Brazil has also become a major supplier of halal meat products and has dominated the poultry market in the past few years. The country accounts for approximately 32% of the world’s beef exports, with main destinations including Russia, the Middle East, the EU and North Africa. Brazil is the world’s largest exporter of beef, and second largest exporter of poultry, which is mainly exported to the Middle East and North Africa. Close to 33% of Brazilian poultry and 40% of its meat production are supplied to the global halal market. The country has not only emerged as a major supplier of halal meat, but has also become a major source of other halal-certified consumables including coffee, chocolate and biscuits.

While Asia is a market of interest, simply because of its size as the largest Muslim region, it must be noted that key players in the region are taking steps to become key halal suppliers or certifiers. Their efforts to date have already expanded beyond their own regional confines and they will surely be major players in the global halal market. On the positive side, as markets with limited agricultural capabilities attempt to become international certifiers and halal hubs, they will most likely be looking for inputs to meet the needs of a growing industry.


Changing world demographics and increasing global demand are resulting in new opportunities in the global halal food market. The growing Muslim population will increase demand for halal food products, and the emergent consumer market of non-Muslims who consume halal food products for ethical and safety reasons will become increasingly important. Increasing incomes in majority-Muslim countries around the world have driven consumers to seek new and differentiated halal certified products that are not readily available in the market.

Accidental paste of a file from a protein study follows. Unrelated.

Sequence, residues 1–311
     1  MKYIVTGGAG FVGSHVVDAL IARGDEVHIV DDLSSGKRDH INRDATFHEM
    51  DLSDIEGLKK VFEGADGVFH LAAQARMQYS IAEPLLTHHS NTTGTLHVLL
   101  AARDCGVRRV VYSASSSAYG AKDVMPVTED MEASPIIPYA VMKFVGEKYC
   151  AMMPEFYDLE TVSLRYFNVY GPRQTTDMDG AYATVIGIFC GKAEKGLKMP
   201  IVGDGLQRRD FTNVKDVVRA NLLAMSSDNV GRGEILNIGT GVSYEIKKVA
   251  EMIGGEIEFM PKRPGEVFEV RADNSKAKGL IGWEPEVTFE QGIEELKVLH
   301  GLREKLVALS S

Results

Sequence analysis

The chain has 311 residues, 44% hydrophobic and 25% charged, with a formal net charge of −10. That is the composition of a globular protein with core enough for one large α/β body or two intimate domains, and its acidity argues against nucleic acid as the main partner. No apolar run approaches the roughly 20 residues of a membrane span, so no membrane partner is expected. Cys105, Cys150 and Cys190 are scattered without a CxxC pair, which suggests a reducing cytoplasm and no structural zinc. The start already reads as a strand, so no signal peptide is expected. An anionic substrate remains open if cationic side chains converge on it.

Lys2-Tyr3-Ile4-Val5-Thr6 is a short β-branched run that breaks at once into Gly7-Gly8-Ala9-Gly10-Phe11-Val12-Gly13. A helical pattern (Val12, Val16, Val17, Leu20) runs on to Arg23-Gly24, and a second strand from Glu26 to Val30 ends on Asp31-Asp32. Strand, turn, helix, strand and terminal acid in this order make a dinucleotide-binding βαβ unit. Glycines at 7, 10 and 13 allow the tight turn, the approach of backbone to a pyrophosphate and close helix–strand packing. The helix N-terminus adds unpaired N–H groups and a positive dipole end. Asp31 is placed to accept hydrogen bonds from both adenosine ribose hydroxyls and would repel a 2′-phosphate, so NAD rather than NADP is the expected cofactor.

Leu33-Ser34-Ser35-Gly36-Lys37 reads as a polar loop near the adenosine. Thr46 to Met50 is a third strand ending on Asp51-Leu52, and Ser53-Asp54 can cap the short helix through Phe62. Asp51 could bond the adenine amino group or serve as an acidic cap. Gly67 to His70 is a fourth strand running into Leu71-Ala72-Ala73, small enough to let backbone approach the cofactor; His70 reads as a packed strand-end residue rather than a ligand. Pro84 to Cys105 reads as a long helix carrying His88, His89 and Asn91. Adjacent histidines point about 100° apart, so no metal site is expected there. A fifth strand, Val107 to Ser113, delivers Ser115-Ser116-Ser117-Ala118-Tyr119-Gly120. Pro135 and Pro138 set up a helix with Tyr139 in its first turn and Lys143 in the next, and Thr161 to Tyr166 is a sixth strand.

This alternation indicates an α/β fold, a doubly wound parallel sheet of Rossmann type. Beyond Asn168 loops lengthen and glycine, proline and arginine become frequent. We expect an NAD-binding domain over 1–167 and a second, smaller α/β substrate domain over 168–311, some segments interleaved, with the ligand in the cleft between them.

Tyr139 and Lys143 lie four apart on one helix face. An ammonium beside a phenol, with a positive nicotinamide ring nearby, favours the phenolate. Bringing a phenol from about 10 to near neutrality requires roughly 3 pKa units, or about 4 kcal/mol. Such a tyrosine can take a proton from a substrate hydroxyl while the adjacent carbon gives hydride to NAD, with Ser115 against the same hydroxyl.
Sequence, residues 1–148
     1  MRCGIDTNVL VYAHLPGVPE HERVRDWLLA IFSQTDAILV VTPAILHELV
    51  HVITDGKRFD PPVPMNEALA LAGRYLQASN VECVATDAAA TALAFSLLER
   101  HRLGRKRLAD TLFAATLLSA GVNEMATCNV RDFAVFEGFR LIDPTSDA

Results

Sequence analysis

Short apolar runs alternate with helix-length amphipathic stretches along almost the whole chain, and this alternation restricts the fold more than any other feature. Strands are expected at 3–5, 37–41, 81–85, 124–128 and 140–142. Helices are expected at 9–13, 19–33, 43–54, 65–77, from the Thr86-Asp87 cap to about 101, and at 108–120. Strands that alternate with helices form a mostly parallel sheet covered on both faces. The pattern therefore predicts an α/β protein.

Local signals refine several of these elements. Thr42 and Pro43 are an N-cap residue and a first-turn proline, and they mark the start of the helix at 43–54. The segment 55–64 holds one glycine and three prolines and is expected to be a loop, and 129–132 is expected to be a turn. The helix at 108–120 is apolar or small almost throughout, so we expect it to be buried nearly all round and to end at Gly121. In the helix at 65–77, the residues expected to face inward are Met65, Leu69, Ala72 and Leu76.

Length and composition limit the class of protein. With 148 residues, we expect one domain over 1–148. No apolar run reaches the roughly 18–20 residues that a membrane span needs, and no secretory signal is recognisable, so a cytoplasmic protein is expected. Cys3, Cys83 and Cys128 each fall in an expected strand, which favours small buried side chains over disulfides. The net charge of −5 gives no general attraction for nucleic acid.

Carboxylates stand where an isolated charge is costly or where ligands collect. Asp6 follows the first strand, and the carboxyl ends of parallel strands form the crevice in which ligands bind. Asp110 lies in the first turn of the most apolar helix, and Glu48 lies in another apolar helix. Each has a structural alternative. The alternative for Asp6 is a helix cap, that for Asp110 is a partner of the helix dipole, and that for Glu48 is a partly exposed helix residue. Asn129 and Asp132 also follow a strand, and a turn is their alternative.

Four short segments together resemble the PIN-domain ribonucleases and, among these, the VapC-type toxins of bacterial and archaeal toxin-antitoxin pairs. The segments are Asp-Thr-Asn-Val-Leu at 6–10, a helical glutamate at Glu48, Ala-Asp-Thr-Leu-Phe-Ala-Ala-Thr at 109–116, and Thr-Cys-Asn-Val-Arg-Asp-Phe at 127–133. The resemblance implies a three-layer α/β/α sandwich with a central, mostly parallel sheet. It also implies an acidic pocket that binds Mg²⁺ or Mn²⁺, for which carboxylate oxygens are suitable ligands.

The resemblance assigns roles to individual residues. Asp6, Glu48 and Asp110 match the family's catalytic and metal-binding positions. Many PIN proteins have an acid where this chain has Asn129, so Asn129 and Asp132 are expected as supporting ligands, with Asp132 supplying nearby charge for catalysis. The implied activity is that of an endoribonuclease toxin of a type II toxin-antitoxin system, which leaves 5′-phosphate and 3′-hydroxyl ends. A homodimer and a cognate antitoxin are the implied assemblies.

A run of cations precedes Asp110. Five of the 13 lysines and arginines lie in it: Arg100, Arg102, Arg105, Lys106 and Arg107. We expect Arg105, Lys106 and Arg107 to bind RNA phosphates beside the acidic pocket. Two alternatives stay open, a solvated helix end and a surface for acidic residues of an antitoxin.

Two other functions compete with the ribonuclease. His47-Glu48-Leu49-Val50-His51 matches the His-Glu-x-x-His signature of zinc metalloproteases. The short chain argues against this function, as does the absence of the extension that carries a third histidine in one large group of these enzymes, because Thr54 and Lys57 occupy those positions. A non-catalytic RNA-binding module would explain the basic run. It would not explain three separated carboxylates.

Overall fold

There is also a growing emphasis on product safety and quality. Local perceptions of halal products are important in consolidating a loyal consumer base. Canada’s reputation as a supplier of high quality and safe food products may assist Canadian companies in entering the global halal market.

Contact Information

Islamic Food and Nutrition Council of America (IFANCA)
130 Dundas Street East
Mississauga, ON
L5A 3V8
Telephone: (905) 275-0477
Fax: (647) 477-7419
8798 Delvista Drive
Delta, BC
V4C 4A5
Telephone: (604) 807-0863
Fax: (604) 582-1300

Islamic Society of North America (ISNA) Halal Certification Agency
2200 South Sheridan Way
Mississauga, ON
L5J 2M4
Telephone: (905) 403-8406
Fax: (905) 403-8409

Islamic Center of Omaha
PO Box 4546
Omaha, Nebraska 68104
United States
Telephone: (402) 572-6120
Fax: (402) 572-4020

Key Resources

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Ehrhardt, Garth, and Kitano Fumiko. “Halal Certification and Market Access.” 25 Mar. 2008. Lecture.

Furkalo, Melissa. “AAFC Halal Activities.” 25 Mar. 2008. Lecture.

The Halal Journal. “The World’s Largest Beef Exporter.” The Halal Journal. 2009. Web. 7 Apr. 2011.

Hannah, James. “Global Halal Food Markets.” 25 Mar. 2008. Lecture.

Hunter, David. “Global Halal Food Market.” 25 Mar. 2008. Lecture.

ISNA Halal Certification Agency. “Halal Certification Agency.” ISNA Halal Certification Agency. 2010. Web. 10 Feb. 2011.

The PEW Forum on Religion and Public Life. “The Future of the Global Muslim Population.” PEW Research Center. 27 Jan. 2011. Web. 9 Feb. 2011.

PEW Research Center Publications. “The Future of the Global Muslim Population.” PEW Research Center. 27 Jan. 2011. Web. 8 Feb. 2011.

Sabir, Ali. “Halal Requirements for Food and Chemical Industry.” 25 Mar. 2008. Lecture.

– – -. “IFANCA: Pioneer in Halal Certification.” 25 Mar. 2008. Lecture.

Siirila, Aaron. “Pakistan to replace Indonesia as country with largest Muslim population by 2030.” ASEAN Matters for America. 28 Jan. 2011. Web. 10 Feb. 2011.

The World Bank Group. “Country and Lending Groups.” The World Bank. Jan. 2011. Web. 8 Feb. 2011.

World Halal Forum. “The 6th World Halal Forum: The Power of Values in Global Markets.” World Halal Food Market. 2011. Web. 14 Apr. 2011.

World Halal Forum. “World Halal Forum: Europe Post Event Report.” World Halal Forum. N.p., 2009. 14 Apr. 2011. .

– – -. “World Halal Forum Reports.” World Halal Forum. 2010. Web. 14 Apr. 2011.